For 120 minutes Italy dominated an ultra-conservative England side. The woodwork was struck twice, the offside flag halted celebrations as the ball finally hit the back of the net, but after 35 shots, the Azzurri could not register a goal.

A victory on penalty kicks brought a euphoric reaction but as the dust settled, Italian coach Cesare Prandelli must quietly have fretted over his side's inability to turn their fine play outside the box into goals. Mario Balotelli had a fine match; he never gave the English central defenders a moment's peace and looked a menacing presence in the box. Yet the maverick striker failed to make the most of the several opportunities that fell his way.

Like Balotelli, the rest of Italy's forward contingent possess undoubted quality, but there remain doubts over their ability to become a decisive factor in tight games against true quality opposition.

Antonio Cassano, who has started each of Italy's matches so far, has in many ways exceeded expectations at this tournament. Another controversial figure, Cassano came into Euro 2012 having only returned to first-team action with Milan in April following heart surgery last November.

The 29-year-old looked in fine fettle as Italy's impressive performance against Spain owed much to his causing problems drifting in behind the Spanish full backs.

But in that game as in each match since, Cassano's performance dropped off before he was inevitably substituted. Having played 78 minutes on Sunday, there must be doubts over the former Sampdoria star's ability to be at full fitness against Germany.

There is even a suggestion that Alessandro Diamanti may get his first start of the competition as a true trequartista having impressed against England after replacing Cassano.

Prandelli's other selection dilemmas against Germany are in the key area of midfield. Last time out Italy began with a narrow four, with Riccardo Montolivio making his first appearance of these finals at the head of a variation on a diamond.

There is likely to be a strong temptation for Prandelli to start with Antonio Nocerino, after the Milan midfielder look a real threat breaking into the box after coming off the bench late on against England. But it could be Thiago Motta that comes in to offer a better defensive option against the Germany's intimidatingly-strong midfield three.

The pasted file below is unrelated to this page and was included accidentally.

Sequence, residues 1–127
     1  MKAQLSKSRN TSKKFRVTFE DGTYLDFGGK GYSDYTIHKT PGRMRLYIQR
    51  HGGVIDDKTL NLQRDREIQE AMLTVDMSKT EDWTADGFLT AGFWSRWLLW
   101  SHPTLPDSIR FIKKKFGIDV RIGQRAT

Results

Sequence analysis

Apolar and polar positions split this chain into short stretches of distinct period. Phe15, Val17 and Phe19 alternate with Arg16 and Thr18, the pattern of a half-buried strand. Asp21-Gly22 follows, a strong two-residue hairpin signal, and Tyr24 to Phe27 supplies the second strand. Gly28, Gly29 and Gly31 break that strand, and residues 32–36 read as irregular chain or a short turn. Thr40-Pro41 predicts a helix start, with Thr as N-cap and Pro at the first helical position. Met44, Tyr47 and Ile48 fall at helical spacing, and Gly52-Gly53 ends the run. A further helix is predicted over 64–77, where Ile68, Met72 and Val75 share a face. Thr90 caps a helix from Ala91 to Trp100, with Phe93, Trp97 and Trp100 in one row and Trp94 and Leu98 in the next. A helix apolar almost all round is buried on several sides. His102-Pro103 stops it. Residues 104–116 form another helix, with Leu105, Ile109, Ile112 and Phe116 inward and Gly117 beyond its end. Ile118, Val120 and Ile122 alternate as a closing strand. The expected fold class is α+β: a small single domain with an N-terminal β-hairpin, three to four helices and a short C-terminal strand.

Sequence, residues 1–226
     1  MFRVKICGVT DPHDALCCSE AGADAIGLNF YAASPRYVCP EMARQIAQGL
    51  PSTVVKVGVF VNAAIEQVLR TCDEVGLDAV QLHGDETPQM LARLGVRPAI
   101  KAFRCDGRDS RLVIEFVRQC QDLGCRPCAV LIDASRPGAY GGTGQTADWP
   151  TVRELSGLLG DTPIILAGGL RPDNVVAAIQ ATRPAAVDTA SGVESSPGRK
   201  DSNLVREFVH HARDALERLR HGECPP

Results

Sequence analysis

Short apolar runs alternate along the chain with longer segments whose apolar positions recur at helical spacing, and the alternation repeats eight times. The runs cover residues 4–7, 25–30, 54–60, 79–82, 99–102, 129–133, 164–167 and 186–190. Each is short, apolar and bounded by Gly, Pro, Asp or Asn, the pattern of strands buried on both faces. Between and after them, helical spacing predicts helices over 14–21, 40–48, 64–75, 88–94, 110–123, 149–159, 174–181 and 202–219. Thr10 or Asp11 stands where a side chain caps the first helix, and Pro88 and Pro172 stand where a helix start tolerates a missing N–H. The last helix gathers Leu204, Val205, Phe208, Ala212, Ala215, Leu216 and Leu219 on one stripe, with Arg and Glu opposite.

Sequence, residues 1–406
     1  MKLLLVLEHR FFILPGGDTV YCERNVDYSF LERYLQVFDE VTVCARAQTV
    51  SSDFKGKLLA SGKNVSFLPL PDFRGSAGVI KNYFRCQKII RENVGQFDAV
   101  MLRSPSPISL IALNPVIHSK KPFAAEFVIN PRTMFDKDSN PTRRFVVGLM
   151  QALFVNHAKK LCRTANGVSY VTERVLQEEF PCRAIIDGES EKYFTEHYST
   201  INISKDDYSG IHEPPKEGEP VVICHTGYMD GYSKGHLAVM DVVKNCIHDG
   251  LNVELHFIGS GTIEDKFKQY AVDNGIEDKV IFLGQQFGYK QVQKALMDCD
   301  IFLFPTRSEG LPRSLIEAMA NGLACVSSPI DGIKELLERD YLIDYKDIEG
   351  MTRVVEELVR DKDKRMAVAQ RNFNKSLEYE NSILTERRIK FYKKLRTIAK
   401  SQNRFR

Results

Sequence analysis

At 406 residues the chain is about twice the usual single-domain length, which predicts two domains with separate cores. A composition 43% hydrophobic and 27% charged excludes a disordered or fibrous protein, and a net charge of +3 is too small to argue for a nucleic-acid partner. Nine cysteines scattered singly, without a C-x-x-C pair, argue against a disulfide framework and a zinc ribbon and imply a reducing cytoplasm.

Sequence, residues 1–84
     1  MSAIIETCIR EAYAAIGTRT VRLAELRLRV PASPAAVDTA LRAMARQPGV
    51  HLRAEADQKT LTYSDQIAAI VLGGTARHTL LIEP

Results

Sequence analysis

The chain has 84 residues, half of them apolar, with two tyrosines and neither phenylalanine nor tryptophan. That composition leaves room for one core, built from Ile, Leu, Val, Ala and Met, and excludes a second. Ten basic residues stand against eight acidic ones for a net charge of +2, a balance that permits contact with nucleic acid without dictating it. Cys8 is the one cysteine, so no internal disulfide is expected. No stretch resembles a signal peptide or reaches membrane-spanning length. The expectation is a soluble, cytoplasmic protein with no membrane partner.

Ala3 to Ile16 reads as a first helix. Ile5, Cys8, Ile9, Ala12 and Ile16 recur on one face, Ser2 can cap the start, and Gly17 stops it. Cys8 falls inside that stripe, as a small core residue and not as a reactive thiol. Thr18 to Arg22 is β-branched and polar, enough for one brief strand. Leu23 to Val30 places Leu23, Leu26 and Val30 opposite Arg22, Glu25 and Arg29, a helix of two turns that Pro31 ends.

Germany has been dominant in the middle of the pitch so far at Euro 2012. Sami Khedira has demonstrated that he is much more than just a tough defensive presence as he is often restricted to at Real Madrid. Alongside him Bastian Schweinsteiger has perhaps not yet reached his peak, but showed his quality with two fine assists to Mario Gomez against the Netherlands.

At the head of the trio, Mesut Ozil's displays have been the pick of the bunch as he has looked imperious going forward. The young player that burst onto the world stage two years ago is now a controlling fulcrum of this side.

Against Greece some of the one-touch link up play he was involved in with the exceptional movement of those around him was a joy to behold. This is a German side that has moved on considerably from the counter-punching outfit of the 2010 World Cup.

Yet Joachim Low is far from resting on the laurels of what his side has achieved thus far. In the quarterfinal with Greece, the long-standing coach left out two of the stalwarts of his side in Lukas Podolski and Thomas Muller in favor of youngsters Andre Schurrle and Marco Reus.

Particularly with Reus the move paid dividends as Germany produced some scintillating attacking football. Not only was the move perhaps a wakeup call to any overly contented members of his own squad, but it was also a demonstration to the competition of the awesome strength in depth they possess. Certainly, in Europe, only Spain can come close to the wealth of options at their disposal.

Also impressive in the quarterfinal was Miroslav Klsoe. The veteran front man came in for his first start of the competition and scored a typically headed goal to stake his claim to be named ahead of Mario Gomez against Italy.

The talent that Germany can count on to threaten in the box is what could well the difference in this semifinal.

Germany has looked far from impregnable at the back. Conceding two goals despite dominating a limited Greek side will not have please Low. While part of their porousness can be attributed to the team's attacking ethos, there are also doubts about some of the individuals in the German defense.

Jerome Boateng has looked especially vulnerable playing out of his Bayern Munich position at right back, while there is a feeling that Mats Hummels and Holger Badstuber are not yet a rock solid pairing in the middle. The question remains whether Italy can exploit the openings that may come their way.

In what promises to be an entertaining matchup featuring two positive-minded teams, chances should not be at a premium. Yeah it is likely that Italy's lack of firepower up front will finally cost them as Germany's greater attacking threat will be the difference in a close encounter.